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Diabetic Adults: Are You Protected?

Sep 09, 2017 06:37AM ● Published by Theresa Gilman

What you need to know about vaccines for adults with diabetes

(Editor's Note: the following information was provided by the CDC.)

"I don't have time to get sick." How many times have you said or heard this phrase? Between work and spending quality time with loved ones, everyone's schedule is busy with no time to waste. Take a little time now to stay up to date on your vaccines and protect yourself from getting sick later.

People with diabetes—type 1 or type 2—are at higher risk for serious problems from certain diseases that can be prevented with a vaccine. Talk to your health care professional about getting your vaccines up to date. Make a plan to get your vaccines today!

The Centers for Disease Control andPrevention (CDC) recommends the following vaccines for adults with diabetes:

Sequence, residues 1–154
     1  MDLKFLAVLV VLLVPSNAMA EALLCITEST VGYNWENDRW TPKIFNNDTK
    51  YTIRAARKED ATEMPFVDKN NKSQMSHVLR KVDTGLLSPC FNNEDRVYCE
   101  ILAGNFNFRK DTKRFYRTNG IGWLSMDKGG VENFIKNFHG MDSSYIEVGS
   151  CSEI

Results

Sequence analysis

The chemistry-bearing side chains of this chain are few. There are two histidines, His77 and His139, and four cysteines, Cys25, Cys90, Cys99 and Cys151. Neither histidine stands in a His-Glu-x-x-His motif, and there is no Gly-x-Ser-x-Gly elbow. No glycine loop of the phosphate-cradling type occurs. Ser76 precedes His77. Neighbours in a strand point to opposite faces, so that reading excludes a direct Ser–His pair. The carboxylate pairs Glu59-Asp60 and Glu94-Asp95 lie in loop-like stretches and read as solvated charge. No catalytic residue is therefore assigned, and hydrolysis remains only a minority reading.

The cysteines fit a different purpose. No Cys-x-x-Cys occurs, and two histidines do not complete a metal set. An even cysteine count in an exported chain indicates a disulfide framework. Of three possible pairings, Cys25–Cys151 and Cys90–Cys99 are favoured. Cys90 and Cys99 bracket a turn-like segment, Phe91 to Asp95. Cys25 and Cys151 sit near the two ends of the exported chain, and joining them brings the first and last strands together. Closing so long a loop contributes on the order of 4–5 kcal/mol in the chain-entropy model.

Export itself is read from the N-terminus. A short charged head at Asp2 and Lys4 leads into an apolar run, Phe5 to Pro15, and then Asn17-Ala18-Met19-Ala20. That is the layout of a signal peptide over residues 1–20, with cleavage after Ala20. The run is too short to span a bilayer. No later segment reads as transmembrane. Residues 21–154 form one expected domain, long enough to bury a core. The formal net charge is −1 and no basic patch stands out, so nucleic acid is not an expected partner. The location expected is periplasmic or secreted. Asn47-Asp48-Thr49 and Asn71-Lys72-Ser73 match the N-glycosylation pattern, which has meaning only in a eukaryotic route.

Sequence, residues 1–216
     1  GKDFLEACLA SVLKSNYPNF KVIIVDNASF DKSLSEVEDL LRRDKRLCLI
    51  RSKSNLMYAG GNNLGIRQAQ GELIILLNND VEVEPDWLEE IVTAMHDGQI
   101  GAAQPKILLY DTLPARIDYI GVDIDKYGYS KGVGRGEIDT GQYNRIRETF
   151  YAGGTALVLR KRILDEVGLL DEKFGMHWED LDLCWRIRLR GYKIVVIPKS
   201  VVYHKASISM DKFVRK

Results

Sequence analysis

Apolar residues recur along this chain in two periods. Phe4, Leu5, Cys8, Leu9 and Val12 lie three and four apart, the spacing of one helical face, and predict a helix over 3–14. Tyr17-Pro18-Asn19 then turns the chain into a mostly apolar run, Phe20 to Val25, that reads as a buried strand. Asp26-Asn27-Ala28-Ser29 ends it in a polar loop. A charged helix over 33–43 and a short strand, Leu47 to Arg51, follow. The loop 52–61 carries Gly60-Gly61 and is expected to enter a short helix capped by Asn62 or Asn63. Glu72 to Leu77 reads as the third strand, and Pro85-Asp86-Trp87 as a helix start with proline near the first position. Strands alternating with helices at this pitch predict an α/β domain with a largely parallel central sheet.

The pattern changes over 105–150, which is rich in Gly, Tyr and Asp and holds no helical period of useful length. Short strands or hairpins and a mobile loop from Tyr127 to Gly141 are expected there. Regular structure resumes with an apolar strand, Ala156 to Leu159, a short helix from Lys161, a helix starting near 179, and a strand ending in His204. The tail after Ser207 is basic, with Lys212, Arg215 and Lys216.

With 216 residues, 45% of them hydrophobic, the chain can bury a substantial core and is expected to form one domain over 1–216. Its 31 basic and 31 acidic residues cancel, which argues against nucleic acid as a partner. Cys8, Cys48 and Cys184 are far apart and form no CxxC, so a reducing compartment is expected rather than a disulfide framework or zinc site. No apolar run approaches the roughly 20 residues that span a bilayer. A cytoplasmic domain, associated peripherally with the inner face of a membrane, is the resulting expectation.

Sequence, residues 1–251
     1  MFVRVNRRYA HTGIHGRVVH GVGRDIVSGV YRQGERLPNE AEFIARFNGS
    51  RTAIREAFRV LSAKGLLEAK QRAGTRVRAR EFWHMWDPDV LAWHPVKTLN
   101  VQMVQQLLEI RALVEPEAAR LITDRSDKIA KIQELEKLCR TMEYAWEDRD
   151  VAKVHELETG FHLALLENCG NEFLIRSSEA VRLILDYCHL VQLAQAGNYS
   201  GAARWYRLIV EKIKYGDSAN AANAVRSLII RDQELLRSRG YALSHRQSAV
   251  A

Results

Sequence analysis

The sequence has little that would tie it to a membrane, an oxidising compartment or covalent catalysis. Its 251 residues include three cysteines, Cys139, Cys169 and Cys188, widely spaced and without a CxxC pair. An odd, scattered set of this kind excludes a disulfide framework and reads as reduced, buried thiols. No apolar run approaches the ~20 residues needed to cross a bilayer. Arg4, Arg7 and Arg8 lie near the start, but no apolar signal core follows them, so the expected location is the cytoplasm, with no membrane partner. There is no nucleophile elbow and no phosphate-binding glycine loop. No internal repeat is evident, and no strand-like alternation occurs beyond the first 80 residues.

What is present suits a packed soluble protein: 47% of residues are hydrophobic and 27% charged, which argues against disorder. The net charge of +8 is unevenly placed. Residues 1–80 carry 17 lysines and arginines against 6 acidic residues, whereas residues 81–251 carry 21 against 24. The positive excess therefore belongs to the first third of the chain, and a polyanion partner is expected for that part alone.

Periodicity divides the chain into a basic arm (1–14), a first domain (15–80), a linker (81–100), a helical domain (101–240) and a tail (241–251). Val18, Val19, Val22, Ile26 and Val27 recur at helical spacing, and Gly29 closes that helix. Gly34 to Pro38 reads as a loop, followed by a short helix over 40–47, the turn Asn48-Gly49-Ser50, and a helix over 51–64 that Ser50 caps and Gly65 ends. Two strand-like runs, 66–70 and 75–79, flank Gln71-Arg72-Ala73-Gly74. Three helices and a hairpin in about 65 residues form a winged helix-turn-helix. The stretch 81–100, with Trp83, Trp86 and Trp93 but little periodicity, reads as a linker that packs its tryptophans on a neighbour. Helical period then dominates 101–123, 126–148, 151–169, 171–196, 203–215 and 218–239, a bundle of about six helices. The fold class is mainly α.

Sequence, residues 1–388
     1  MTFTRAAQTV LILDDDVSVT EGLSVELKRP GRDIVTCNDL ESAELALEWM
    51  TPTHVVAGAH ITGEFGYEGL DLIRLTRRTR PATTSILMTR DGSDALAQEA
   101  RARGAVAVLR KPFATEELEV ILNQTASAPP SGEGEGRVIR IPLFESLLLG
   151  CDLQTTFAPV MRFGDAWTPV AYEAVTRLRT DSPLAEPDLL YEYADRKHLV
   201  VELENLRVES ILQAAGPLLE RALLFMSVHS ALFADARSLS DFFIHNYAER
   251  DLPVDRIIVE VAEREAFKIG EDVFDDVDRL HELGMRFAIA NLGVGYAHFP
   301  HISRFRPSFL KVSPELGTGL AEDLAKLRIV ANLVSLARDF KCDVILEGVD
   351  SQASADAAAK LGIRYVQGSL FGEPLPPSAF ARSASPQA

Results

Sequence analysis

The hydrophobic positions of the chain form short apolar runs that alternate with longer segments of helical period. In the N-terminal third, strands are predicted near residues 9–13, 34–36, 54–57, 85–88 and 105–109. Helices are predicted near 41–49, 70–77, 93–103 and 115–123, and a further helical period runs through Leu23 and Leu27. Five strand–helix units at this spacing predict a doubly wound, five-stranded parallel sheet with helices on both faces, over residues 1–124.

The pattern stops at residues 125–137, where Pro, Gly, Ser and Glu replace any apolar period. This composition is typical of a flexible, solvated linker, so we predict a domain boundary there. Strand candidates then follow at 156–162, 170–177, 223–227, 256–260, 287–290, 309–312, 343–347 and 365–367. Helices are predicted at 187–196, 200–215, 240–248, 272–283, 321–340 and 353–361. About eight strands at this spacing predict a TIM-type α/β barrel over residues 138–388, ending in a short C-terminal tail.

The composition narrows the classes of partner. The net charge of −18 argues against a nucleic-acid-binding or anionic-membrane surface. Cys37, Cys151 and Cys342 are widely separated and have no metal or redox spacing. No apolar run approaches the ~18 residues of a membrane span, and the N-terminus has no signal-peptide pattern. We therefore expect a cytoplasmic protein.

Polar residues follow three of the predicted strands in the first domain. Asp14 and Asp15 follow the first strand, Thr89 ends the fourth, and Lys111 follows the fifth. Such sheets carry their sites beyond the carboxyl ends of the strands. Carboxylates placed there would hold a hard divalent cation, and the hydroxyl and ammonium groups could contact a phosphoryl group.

• Influenza—This vaccine protects against the seasonal flu and is recommended to be taken every year.
  • Pneumococcal—These vaccines protect against pneumococcal disease, including serious complications like pneumonia or meningitis.
  • Hepatitis B—This vaccine series protects against hepatitis B, a serious liver infection.
  • Tdap—This vaccine protects against tetanus (lockjaw), diphtheria, and pertussis (whooping cough).
  • Zoster—This vaccine protects against shingles.

All of these vaccines are important! It is especially important for people with chronic health conditions including diabetes to get the influenza, pneumococcal, and hepatitis vaccines.

What You Need to Know About Diabetes and Adult Vaccines
There may be other vaccines recommended for you based on your lifestyle, travel habits, and other factors. Check out this fact sheet to learn why vaccines are important for you if you have diabetes. You can get vaccines at doctors’ offices, pharmacies, workplaces, community health clinics, health departments, and other locations.

For information on how to take care of your diabetes and stay healthy, visit the National Diabetes EducationProgram (NDEP) at the CDC website.

Sign up to get more information about diabetes from CDC and NDEP. Select "Diabetes Education Materials" from the subscription options.

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